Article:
From there, we drove up Weston Road to the home we lived in for twenty five years near Weston Center. Ridge Road / Lane, was almost unrecognizable, many of the old homes torn down or lots sold off to build huge homes, the size of which astounds me.
We bought our Weston home in 1975, a small ranch, which we added onto, but retaining the character of the home. Our old home is now gone and a “McMansion” has been built in its place. Although it sits well on the property in the front, the back of this “palace” is almost on the road, its towers and turrets in one’s face and – I thought -- inappropriate for the sylvan nature of the setting. Sad to see.
So the day was one of nostalgia, and now there is another sense of melancholy as our summer on the boat is winding down and soon we'll be flying to Copenhagen to meet a ship that will be returning to NYC via the northern Atlantic route, with multiple stops in Norway, Ireland, Scotland, and stops as well in Iceland and Greenland. Ann has organized tours at each port and I hope to post some interesting photographs and a narrative of our trip sometime in October.
I’m loading up a few novels to read, but meanwhile I’m trying to finish Blake Bailey’s massive biography of Richard Yates, A Tragic Honesty, probably the best literary biography I’ve read since Carol Sklenicka's biography, Raymond Carver: A Writer's Life. It is a breathtakingly detailed biography of a much under-appreciated artist, Richard Yates.
Until reading Bailey’s account, I was never fully aware of the extremely biographical nature of Yates’ fiction. His characters are from his life experiences. And I never fully realized the extent of his asceticism, an anti-materialism that manifested itself in the most austere living conditions, almost a stereotype of the dark, brooding artist. (One of his apartments was a seven story walk-up on 26th Street, off of 5th Avenue in NYC. Bailey describes it as “a long studio with a few random sticks of furniture – an orange sofa bed where he slept, a wobbly table in the narrow sit-down kitchen, two or three chairs and a desk by the plaid-curtained window; also he installed a bookshelf where he mostly kept the work of friends and students, as well as a handful of novels he couldn’t do without.”) Cockroaches frequently were his companions in these run-down apartments.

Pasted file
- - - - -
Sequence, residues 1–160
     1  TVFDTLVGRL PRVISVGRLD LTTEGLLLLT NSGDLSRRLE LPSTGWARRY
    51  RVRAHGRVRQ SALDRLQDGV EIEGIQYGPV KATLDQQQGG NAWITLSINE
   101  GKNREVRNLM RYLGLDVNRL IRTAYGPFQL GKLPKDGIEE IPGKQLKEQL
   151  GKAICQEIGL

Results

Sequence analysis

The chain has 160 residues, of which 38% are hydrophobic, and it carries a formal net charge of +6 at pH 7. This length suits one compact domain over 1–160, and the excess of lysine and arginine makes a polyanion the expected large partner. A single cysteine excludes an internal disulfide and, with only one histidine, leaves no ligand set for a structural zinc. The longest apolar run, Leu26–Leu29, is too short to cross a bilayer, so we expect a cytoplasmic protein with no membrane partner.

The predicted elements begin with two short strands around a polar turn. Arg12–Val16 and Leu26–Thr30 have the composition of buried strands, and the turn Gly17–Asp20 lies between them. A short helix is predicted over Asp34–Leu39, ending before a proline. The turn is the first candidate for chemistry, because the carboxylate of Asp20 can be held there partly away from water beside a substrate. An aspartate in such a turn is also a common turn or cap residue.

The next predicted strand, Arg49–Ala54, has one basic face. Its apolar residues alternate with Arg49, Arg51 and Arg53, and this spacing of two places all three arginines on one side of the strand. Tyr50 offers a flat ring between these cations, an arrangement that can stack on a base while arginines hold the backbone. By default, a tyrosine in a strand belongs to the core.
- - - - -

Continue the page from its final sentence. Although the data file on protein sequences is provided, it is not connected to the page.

His self-destructive alcoholism (which naturally he denied), his militant, compulsive smoking (4 packs a day, even after he was diagnosed with TB), and his need to be with a woman who would support him emotionally, is in many ways reminiscent of Raymond Carver’s life, a writer who he apparently met only once.
Yates worshiped the works of Flaubert, Hemingway and then Fitzgerald, always feeling inferior to the latter or any writer who was Ivy-League schooled. Although Yates taught fiction at the graduate level, he never went to college himself. Nonetheless, Yates felt he had a lot in common with both Hemingway and Fitzgerald and even tried to emulate the latter in his dress from Brooks Brothers, not to mention living in Paris during his formative years.
Between his bouts with mental illness and compulsive drinking, his marriages, affairs, children, and peripatetic teaching positions, it is a wonder that he wrote such classics as Revolutionary Road and Easter Parade, two of my favorite novels, as well as other novels and short story collections. He was the writer’s writer, respected by all but loathed for his lifestyle.
I was saddened to see that Bailey quotes what someone said about the edition of Revolutionary Road I had republished, lamenting that it “languishes in a grim (and expensive) hardcover edition published by a reprint house (Greenwood Press).” This particular edition was reprinted for college libraries and had to be manufactured to the “grim” standards acceptable for library use. It was not a consumer edition but at least the classic was kept in print.
Perhaps I’ll write more about this superb biography sometime in the future. I first have to finish it!
In the meantime, we bid adieu to our boat and friends and family in the Northeast as when we return from our cruise we'll begin our drive back to Florida. Until then……